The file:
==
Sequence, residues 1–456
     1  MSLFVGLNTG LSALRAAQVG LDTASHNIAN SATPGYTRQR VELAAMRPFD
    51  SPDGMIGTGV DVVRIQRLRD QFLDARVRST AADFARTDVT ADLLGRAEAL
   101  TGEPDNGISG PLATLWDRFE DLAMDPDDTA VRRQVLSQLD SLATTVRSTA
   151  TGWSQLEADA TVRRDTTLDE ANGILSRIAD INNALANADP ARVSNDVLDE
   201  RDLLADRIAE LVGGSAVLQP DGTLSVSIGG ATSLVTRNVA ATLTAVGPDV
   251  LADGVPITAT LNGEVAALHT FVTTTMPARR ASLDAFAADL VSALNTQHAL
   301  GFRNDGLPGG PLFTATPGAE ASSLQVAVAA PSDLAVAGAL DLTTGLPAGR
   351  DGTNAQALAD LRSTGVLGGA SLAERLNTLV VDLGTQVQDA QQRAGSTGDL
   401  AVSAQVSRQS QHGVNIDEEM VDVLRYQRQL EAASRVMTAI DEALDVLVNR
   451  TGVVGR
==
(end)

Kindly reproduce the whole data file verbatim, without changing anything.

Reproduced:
Sequence, residues 1–456
     1  MSLFVGLNTG LSALRAAQVG LDTASHNIAN SATPGYTRQR VELAAMRPFD
    51  SPDGMIGTGV DVVRIQRLRD QFLDARVRST AADFARTDVT ADLLGRAEAL
   101  TGEPDNGISG PLATLWDRFE DLAMDPDDTA VRRQVLSQLD SLATTVRSTA
   151  TGWSQLEADA TVRRDTTLDE ANGILSRIAD INNALANADP ARVSNDVLDE
   201  RDLLADRIAE LVGGSAVLQP DGTLSVSIGG ATSLVTRNVA ATLTAVGPDV
   251  LADGVPITAT LNGEVAALHT FVTTTMPARR ASLDAFAADL VSALNTQHAL
   301  GFRNDGLPGG PLFTATPGAE ASSLQVAVAA PSDLAVAGAL DLTTGLPAGR
   351  DGTNAQALAD LRSTGVLGGA SLAERLNTLV VDLGTQVQDA QQRAGSTGDL
   401  AVSAQVSRQS QHGVNIDEEM VDVLRYQRQL EAASRVMTAI DEALDVLVNR
   451  TGVVGR